7. Hmmm… Tsiolovsky’s Rocket Equation shows something kind of interesting.

    The thrust from a chemical rocket, ISP=450 (hydrogen, vacuum motor cone), burning 90% of its rest mass is about 4,400 m/s delta-V.

    Contrarily, a ion engine, powered by big old solar panels, using mercury or lithium or virtually any other ion, having ISP=1600, but burning (ionizing) its reduced tank capacity (of if you will, the higher overhead of propulsion motor mass and energy capture array) of 50%, delivers almost exactly the same delta-V of 4,400 m/s.

    So, no matter how attractive the sentiment, the tradeoff isn’t just as easy as “choose the high ISP, low thrust, when you can get away with it” metric.

    Just saying,

  8. Yeah, but the tipping point occurs when the decision-makers recognize that an alternate is sufficiently capable and a better deal from a cost standpoint. I believe that even a BFR/SHS that retrieves its first stage and can put up 100 tonnes would meet the criteria for the tipping point. Certainly we hope that he recovers the tanker stage but even if not, it’s still a significant improvement from a cost standpoint. With retrieval of the first stage and without all of the bureaucratic burden, I would guess that a partially-reusable BFR/SHS would be about 1/10th the price per tonne to LEO. Still a game-changer.

  9. … So I don’t believe that the Starship has to return from orbit and land in order to reach the tipping point. …

    Yet, without that, the most central core of the Musk-o-verse promise is washed away. Basically, he has always been promoting not just new-and-different from conventional play, but also critically the idea of much cheaper due to re-use.

    Thing is, that re-use apparently takes somewhere between 25% and 40% of the ultimate payload. Per kilogram of fuel and oxidizer.

    The BFR AKA SHS really needs the recycling-and-fast-recertification gambit in order that the “under $100 per pound, to LEO” is achieved.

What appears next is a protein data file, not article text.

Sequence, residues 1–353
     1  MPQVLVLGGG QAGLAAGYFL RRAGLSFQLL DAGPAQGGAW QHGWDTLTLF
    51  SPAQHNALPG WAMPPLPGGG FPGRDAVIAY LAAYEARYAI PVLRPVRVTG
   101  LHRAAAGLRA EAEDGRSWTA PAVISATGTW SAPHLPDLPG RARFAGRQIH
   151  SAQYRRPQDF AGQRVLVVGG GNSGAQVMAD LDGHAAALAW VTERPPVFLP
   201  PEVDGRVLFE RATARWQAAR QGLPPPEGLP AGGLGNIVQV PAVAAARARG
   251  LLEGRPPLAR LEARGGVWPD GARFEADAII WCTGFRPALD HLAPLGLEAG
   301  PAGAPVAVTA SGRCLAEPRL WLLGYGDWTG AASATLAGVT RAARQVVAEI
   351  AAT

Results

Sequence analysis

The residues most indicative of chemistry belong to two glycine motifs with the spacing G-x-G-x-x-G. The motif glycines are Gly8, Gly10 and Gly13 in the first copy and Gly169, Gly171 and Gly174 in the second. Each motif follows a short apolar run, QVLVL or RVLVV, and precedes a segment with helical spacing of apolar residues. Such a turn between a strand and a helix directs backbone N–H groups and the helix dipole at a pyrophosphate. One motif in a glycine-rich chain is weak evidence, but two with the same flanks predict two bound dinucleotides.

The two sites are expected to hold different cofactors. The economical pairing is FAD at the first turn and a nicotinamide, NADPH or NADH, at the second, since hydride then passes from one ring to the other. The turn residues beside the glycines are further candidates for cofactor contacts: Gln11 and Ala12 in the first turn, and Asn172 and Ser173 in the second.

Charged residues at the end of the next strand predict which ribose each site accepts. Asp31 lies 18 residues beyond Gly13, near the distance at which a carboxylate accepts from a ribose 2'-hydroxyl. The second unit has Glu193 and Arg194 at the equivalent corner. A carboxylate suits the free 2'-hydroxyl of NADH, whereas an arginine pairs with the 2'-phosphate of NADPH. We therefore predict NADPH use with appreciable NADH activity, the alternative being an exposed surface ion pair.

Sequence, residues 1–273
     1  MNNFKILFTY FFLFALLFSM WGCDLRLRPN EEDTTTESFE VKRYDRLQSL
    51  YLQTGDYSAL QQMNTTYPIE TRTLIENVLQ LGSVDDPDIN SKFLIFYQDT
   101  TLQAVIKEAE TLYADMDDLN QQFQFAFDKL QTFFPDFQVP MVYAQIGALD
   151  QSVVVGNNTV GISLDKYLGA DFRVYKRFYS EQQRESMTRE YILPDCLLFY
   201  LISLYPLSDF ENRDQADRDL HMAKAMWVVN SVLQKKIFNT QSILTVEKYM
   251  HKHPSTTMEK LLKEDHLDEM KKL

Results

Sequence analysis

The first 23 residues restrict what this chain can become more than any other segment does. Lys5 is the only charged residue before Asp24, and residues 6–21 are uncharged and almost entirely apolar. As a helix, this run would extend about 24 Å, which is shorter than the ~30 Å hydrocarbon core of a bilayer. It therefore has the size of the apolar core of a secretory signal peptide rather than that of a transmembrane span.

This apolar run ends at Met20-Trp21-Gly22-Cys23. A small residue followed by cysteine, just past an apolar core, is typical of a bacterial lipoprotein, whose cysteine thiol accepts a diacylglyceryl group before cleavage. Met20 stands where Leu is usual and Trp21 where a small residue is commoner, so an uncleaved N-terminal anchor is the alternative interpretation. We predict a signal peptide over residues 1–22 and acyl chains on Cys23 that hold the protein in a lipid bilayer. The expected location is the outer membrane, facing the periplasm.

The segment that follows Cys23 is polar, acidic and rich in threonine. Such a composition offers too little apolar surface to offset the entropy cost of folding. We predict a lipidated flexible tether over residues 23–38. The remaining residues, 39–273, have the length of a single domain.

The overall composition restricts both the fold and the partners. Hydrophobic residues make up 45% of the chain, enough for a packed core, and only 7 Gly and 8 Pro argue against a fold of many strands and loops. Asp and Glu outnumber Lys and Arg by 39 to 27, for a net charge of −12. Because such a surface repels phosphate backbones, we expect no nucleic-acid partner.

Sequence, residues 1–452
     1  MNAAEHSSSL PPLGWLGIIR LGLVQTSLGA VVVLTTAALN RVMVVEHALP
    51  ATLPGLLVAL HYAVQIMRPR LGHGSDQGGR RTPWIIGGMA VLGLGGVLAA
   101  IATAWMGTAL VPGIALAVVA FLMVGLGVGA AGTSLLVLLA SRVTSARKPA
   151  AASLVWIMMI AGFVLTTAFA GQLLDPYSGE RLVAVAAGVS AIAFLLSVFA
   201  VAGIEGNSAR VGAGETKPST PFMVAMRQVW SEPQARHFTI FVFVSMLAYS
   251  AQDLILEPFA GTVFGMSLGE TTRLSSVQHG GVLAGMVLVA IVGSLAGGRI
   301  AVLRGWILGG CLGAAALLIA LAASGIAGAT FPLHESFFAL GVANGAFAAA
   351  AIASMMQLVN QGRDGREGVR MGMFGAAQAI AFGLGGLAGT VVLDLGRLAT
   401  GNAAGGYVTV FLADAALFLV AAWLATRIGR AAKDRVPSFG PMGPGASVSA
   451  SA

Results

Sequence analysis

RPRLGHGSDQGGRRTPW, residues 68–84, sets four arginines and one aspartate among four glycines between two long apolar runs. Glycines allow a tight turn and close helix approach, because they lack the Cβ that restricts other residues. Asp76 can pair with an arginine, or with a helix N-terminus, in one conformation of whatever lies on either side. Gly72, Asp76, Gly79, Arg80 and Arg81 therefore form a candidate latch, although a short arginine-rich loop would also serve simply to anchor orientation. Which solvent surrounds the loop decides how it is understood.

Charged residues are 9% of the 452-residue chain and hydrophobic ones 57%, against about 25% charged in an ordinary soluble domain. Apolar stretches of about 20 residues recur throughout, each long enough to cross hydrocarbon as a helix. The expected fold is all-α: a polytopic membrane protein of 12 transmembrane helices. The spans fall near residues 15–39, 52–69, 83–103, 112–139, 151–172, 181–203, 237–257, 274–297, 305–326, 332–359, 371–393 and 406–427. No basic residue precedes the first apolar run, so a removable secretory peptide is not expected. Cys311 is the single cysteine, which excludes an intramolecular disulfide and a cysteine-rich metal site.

Just saying, GoatGuy

  10. The Hall effect thruster has an ISP of 1600. The BFR has an ISP of 330, or 380 if they run vacuum engines.

    From a mass budget standpoint, doesn’t it simply make sense to put the satellites into the lowest, least energetic feasible orbit, and do as much of the maneuvering with the higher ISP engines as possible? Especially since this simplifies their flight logistics, they’re doing the same flight for a hundred or more satellites at the same time.

    Save chemical propulsion for maneuvers that have to be high G. Do everything you can with the low acceleration, high ISP propulsion system.

    Remember, SpaceX is designing these satellites themselves. THEY designate how much delta V they are capable of, not some third party. If they want an extra 110kg of propellant capacity, they just design it in. It’s worth doing if it saves them fuel on the front end.

  11. To change inclination from 26 degrees (Boca Chica) to 53 degrees (Starlink group 1 inclination) at a 550 kilometer altitude requires 3805 m/s of delta-v. For a Hall thruster with Isp=1600 s and the published dry mass of 386 kg for the Starlink, that would be 106 kg of propellant. (It’s probably more than that, because SEP burns aren’t impulsive.)

    My guess is that’s not only all of the stationkeeping prop, but it’s also more prop than the bus can carry.